Mining company Rio Tinto executives lose bonuses over destruction of ancient caves

 a canyon with a mountain in the background

Mining giant Rio Tinto has decided to cut the bonuses of three executives over the destruction of 46,000-year-old sacred indigenous sites  in Australia.

Rio Tinto’s chief executive Jean-Sebastien Jacques will be losing a total of £2.7 million. Chris Salisbury, chief executive of iron ore, and Simone Niven, group executive of corporate relations, will also lose payouts of more than half a million pounds each.

These executives will remain in their roles.

“It is clear that no single individual or error was responsible for the destruction of the Juukan rockshelters,” said Rio Tinto chairman Simon Thompson.

“But there were numerous missed opportunities over almost a decade and the company failed to uphold one of Rio Tinto’s core values – respect for local communities and for their heritage.”

In May, Mining company Rio Tinto issued an apology after blowing up a 46,000-year-old sacred indigenous site with dynamites to expand Australia’s iron ore mine.

This mining company is one of the largest with vast operations in Australia. The iron ore mines account for more than half of its total revenue, and these ancient sites were above about eight million tonnes of high-grade iron ore, with an estimated value at the time of £75 million.

The site they blew up was situated in Juukan Gorge, in Western Australia state’s resource-rich Pilbara region. It had two cave systems which consisted of artefacts indicating tens of thousands of years of continuous human occupation.

According to CNN, grinding stones, a bone sharpened into a tool and 4,000-year-old braided hair were among almost 7,000 relics that had been discovered at the site. 

The site was demolished despite a seven-year legal battle by the local custodians of the land, the Puutu Kunti Kurama and Pinikura People, to protect the site.

The CEO of Rio Tinto Iron Ore, Chris Salisbury issued a statement on Sunday, which read: “We pay our respects to the Puutu Kunti Kurama and Pinikura People (PKKP).”

“We are sorry for the distress we have caused. Our relationship with the PKKP matters a lot to Rio Tinto, having worked together for many years,” the statement said.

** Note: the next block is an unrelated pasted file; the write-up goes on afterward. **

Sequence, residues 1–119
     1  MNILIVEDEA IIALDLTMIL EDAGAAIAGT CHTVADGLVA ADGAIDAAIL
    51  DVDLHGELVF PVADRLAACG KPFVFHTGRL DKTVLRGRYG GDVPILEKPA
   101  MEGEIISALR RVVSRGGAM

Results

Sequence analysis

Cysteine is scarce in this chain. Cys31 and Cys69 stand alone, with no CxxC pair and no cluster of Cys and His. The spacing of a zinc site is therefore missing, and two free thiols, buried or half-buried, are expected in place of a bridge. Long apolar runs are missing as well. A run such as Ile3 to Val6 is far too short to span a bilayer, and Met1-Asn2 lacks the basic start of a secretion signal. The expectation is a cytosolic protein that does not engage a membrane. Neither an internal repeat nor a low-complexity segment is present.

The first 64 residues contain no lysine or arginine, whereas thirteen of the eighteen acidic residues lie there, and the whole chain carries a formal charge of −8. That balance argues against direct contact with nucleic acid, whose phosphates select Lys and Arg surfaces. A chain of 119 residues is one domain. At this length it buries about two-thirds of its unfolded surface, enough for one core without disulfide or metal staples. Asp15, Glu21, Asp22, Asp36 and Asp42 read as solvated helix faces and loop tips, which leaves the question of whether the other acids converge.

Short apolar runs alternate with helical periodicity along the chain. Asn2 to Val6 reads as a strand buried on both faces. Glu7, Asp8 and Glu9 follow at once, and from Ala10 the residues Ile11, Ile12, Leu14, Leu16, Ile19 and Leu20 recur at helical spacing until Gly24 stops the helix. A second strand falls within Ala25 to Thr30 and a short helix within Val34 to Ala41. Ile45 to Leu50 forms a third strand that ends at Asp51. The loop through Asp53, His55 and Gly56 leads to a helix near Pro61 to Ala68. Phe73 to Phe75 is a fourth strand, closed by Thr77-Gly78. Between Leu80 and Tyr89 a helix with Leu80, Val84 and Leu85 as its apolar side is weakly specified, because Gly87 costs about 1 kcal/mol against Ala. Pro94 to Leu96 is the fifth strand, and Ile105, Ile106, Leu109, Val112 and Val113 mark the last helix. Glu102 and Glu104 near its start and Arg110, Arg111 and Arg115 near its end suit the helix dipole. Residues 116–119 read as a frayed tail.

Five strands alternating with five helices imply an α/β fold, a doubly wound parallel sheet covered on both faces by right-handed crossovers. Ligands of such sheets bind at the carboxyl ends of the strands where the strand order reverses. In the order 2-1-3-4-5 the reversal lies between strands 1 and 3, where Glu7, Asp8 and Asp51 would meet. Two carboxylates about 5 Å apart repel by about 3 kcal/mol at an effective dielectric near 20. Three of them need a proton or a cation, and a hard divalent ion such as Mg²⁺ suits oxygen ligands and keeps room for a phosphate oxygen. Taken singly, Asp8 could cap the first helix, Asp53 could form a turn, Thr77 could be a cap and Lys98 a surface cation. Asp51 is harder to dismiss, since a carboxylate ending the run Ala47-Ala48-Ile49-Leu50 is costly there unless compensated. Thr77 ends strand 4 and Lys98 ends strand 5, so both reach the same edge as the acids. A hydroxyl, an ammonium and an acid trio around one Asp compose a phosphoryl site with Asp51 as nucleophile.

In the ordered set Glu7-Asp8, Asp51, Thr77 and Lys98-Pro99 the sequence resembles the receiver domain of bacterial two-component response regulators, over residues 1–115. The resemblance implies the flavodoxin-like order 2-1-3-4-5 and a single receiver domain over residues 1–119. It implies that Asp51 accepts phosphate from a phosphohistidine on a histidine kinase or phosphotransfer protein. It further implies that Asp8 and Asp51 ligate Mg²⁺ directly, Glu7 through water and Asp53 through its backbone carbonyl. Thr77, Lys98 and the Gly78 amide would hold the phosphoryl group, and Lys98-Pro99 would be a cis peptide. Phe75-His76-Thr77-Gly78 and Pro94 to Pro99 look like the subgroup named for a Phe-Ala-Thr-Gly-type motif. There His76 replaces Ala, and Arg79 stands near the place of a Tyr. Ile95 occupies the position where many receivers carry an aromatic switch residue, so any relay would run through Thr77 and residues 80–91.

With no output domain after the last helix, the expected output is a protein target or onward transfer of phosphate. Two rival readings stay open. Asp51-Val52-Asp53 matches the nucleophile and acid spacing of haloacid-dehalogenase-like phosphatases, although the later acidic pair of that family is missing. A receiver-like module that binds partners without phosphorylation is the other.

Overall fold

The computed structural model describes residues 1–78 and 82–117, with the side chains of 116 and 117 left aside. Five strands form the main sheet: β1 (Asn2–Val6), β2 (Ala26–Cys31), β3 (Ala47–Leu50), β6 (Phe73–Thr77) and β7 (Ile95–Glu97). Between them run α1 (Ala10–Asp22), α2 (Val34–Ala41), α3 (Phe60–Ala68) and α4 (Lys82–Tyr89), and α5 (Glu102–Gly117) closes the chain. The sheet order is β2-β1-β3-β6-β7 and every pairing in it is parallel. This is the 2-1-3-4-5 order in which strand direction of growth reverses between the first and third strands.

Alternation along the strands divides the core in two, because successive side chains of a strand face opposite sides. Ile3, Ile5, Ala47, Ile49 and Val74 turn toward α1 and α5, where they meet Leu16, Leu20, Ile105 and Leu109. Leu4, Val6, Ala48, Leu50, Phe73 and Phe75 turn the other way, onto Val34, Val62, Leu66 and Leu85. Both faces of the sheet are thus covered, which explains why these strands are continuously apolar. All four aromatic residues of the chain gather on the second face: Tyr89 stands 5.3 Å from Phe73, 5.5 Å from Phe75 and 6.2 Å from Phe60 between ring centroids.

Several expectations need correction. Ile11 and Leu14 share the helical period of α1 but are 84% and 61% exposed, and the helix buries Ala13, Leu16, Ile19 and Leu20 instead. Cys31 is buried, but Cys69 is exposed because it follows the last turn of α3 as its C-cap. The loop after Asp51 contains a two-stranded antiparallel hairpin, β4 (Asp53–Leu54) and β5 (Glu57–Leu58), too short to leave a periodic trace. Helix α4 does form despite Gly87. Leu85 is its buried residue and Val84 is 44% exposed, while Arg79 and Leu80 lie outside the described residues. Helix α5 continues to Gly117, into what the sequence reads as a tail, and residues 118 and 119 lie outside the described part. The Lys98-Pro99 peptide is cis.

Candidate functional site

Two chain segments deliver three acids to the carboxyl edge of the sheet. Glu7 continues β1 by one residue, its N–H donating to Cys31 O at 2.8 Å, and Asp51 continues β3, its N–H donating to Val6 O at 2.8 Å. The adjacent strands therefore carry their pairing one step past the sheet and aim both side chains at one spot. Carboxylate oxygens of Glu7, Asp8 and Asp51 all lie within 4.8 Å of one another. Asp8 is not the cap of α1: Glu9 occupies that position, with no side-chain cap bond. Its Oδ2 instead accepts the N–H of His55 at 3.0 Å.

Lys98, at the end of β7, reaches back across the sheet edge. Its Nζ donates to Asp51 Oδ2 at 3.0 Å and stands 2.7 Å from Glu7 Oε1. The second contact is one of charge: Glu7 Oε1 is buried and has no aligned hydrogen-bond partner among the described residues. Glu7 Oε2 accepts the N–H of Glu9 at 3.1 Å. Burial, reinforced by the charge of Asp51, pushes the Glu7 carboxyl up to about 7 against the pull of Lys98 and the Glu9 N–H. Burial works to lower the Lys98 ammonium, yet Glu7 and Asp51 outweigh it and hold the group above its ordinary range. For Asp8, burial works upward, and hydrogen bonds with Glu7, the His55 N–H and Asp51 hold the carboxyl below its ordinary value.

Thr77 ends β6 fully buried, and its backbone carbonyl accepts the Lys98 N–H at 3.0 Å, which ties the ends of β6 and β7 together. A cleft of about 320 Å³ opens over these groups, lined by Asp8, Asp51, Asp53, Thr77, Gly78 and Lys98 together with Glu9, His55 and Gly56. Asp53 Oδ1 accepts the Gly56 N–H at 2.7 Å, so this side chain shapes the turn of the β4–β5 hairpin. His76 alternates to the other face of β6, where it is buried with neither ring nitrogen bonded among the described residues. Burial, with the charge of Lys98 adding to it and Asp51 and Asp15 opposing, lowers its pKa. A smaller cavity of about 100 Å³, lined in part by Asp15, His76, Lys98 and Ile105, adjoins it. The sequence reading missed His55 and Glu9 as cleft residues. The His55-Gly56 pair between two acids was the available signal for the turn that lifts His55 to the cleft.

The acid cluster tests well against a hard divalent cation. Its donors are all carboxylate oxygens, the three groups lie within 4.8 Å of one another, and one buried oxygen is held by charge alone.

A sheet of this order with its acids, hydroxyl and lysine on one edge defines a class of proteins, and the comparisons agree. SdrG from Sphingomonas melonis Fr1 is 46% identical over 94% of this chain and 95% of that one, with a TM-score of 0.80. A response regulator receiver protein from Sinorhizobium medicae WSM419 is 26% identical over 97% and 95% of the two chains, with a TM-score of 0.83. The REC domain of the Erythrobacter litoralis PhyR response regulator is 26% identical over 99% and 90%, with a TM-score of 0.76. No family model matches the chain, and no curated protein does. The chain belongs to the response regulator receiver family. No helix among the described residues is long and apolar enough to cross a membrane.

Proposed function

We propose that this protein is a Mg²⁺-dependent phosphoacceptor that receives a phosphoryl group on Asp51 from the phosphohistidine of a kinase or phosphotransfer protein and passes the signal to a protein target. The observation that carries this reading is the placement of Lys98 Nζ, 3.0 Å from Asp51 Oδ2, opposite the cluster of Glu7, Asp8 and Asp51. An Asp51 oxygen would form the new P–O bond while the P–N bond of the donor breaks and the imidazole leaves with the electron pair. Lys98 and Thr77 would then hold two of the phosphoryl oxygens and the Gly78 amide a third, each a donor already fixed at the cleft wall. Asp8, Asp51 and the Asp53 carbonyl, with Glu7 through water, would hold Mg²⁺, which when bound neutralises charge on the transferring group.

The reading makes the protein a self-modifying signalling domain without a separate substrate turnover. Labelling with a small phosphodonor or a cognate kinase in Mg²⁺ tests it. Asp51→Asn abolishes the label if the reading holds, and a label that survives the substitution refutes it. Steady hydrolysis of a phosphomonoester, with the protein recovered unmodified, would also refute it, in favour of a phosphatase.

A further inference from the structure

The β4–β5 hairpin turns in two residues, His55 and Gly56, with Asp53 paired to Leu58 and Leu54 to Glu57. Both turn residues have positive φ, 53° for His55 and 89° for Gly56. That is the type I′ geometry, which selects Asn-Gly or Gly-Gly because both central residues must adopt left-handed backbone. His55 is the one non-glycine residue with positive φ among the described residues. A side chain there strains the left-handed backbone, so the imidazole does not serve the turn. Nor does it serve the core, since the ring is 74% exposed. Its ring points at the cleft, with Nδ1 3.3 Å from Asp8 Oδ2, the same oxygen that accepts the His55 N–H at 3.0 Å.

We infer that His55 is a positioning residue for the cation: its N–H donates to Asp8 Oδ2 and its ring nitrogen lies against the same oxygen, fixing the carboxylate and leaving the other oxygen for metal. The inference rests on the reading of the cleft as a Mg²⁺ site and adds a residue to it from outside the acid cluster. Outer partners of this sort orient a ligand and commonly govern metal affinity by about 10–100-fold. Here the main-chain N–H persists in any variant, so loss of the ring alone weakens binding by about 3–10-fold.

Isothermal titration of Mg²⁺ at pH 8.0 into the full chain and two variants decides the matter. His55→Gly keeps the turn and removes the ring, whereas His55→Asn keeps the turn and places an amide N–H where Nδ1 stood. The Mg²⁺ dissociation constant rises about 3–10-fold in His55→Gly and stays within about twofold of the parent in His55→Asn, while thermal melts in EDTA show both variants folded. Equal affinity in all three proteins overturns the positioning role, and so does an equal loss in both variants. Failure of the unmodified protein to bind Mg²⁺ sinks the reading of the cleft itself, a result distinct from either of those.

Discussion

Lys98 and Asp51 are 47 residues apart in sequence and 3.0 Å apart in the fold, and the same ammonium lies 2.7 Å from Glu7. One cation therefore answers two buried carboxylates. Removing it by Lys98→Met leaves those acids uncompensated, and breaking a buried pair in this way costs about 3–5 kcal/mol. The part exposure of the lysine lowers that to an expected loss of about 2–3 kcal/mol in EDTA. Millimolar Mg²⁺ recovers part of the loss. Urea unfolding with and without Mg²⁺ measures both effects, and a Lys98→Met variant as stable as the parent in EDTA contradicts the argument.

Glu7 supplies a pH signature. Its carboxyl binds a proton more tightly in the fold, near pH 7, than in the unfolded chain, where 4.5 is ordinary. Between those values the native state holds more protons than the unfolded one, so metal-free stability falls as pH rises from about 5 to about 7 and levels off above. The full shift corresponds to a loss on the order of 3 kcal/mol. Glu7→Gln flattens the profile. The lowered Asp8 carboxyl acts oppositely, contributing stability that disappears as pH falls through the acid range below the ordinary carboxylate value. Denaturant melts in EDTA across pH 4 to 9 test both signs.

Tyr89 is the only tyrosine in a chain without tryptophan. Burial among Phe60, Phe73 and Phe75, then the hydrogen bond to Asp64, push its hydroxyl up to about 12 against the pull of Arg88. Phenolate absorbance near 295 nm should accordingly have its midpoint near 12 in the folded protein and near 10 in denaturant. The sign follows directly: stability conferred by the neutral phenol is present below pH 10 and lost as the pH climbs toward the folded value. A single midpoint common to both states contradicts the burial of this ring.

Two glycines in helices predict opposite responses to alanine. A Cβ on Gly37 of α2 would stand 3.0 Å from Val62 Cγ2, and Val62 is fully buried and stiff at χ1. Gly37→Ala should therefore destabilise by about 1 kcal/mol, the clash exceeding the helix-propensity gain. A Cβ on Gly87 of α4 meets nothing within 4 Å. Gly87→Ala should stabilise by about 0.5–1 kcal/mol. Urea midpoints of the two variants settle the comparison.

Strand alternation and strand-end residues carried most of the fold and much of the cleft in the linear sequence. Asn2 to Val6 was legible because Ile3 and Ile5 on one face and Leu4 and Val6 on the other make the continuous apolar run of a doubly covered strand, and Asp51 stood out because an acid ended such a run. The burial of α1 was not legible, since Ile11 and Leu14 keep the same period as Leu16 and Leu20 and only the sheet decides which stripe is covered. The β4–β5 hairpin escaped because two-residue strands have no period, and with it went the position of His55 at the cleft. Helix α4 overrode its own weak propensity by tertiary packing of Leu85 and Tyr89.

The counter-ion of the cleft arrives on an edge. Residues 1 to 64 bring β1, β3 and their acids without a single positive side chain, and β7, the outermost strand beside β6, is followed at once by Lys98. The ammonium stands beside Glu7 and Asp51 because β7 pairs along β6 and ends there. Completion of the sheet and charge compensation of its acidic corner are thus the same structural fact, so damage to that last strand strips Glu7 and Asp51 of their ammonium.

“We will continue to work with the PKKP to learn from what has taken place and strengthen our partnership. As a matter of urgency, we are reviewing the plans of all other sites in the Juukan Gorge area.”

“At Juukan, in partnership with the PKKP, we followed a heritage approval process for more than 10 years. In 2014 we performed a large-scale exercise in the Juukan area to preserve significant cultural heritage artifacts, recovering approximately 7,000 objects,” it added.

Australia’s Federal Indigenous Affairs Minister Ken Wyatt condemned the “destruction” and said that it should not have occurred and ensure that it does not happen again.

He said: “The West Australian State Government needs to ensure that their legislation and approvals processes protect our Indigenous cultural heritage. It seems quite clear, that in this instance, the legislation has failed.”

Diabetes

Diabetes is the most common word spoken across the globe. Fatal and contagious than any of the disease ever to be seen by humanity. It doesn’t affect directly but surely undermines the body such that various other diseases get a free pass. It is a major public health problem that is approaching epidemic proportions globally. Worldwide, the prevalence of chronic, non-communicable diseases is increasing at an alarming rate. About 18 million people die every year from cardiovascular disease, for which diabetes and hypertension are major predisposing factors. Diabetes is a number of diseases that involve problems with the hormone insulin, which occurs when your blood glucose, also called blood sugar, is too high. Blood glucose is your main source of energy and comes from the food you eat. Normally, the pancreas (an organ behind the stomach) releases insulin to help your body store and use the sugar and fat from the food you eat. Diabetes can occur when the pancreas produces very little or no insulin, or when the body does not respond appropriately to insulin. Glucose then stays in your blood and doesn’t reach your cells. Therefore weakness, dizziness are prevalent among the diabetic. As of yet, there is no cure. People with diabetes need to manage their disease to stay healthy. Different kinds of diabetes can occur, and managing the condition depends on the type. Not all forms of diabetes stem from a person being overweight or leading an inactive lifestyle. In fact, some are present from childhood.